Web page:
In a recent issue of The Neuroscientist, Jolie Barter, a graduate research assistant, and Thomas Foster, Ph.D., Evelyn F. McKnight Chair for Research on Cognitive Aging and Memory, examined the role of epigenetics in the process of brain aging and cognitive decline.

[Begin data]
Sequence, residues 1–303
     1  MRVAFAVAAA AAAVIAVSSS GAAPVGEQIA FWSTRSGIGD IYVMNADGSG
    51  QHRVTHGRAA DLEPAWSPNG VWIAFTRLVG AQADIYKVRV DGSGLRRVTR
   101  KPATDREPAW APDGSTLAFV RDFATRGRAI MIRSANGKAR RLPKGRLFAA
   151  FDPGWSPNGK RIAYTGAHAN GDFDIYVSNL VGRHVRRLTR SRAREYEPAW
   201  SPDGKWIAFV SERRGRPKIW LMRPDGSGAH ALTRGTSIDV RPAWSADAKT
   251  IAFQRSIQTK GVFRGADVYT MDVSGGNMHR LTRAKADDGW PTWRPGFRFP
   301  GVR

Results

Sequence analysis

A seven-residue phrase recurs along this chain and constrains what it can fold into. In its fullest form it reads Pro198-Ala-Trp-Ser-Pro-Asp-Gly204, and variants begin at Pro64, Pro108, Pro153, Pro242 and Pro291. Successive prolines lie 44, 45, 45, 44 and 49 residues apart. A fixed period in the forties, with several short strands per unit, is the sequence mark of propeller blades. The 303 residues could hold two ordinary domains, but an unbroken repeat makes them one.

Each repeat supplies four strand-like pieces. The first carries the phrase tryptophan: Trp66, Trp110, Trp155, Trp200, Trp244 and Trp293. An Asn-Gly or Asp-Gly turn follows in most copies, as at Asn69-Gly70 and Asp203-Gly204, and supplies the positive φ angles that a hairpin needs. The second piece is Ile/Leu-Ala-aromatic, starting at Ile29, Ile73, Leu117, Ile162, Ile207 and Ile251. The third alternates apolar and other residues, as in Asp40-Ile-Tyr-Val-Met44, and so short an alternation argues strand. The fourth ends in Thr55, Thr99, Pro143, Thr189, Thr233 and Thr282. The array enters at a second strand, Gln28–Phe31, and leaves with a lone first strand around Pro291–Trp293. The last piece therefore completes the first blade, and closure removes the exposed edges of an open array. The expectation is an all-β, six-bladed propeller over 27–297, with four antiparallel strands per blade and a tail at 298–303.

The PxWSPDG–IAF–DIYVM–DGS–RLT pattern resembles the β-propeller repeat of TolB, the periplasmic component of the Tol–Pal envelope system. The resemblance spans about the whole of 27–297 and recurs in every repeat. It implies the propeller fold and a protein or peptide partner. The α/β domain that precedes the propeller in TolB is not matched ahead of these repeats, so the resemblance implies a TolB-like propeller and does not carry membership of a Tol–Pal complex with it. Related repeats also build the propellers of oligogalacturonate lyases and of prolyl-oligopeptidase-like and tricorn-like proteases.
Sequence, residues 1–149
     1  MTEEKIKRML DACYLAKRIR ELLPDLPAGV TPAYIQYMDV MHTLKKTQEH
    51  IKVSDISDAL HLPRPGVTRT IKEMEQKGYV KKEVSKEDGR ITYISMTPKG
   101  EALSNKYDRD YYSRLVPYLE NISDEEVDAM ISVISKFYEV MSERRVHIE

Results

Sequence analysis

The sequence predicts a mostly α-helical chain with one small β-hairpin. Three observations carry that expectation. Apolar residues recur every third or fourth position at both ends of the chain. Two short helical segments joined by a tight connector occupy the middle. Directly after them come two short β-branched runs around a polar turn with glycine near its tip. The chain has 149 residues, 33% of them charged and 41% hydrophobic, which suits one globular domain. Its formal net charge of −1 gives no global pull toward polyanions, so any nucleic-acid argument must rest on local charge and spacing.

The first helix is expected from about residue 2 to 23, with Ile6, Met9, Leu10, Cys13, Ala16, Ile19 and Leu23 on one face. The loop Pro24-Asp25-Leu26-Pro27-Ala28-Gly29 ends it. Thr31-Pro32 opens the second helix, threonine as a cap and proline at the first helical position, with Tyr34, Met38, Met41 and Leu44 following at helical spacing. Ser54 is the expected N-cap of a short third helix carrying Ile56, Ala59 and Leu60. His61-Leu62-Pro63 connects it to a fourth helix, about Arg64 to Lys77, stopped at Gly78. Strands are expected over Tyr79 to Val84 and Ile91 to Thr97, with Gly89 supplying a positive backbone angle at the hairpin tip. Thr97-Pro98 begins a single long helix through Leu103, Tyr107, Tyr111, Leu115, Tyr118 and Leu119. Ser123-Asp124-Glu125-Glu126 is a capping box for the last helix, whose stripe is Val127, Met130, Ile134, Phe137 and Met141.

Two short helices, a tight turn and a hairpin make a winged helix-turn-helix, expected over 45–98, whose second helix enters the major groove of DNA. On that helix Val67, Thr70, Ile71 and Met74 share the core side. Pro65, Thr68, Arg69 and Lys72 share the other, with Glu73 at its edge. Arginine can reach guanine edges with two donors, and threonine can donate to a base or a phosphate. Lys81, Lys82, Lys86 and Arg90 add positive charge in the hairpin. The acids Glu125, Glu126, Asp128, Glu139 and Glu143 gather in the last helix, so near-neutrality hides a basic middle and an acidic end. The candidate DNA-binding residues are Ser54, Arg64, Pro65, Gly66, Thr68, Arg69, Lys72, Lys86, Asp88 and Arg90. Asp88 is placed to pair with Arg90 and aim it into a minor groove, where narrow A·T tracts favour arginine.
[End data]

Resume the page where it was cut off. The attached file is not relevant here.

They looked at key questions regarding how epigenetic mechanisms — mechanisms that switch genes on and off — affect brain aging. In their review, Barter and Foster hypothesize that changes in neural activity during aging reduce the signaling for expression of genes that are important for cognitive processes, including memory. In turn, decreased gene activation leaves the DNA vulnerable to epigenetic modification, such as DNA methylation. The epigenetic modifications further inhibit the ability to activate genes that are required for maintaining a youthful brain. Importantly, epigenetic mechanisms interact with environmental and lifestyle factors including diet, exercise, stress and hormone levels. Barter and Foster hypothesize that this epigenetic-environmental link can explain how lifestyle factors and the history of experience can influence the rate of aging, the resilience or susceptibility to stressors of aging and determine the trajectory of cognitive decline.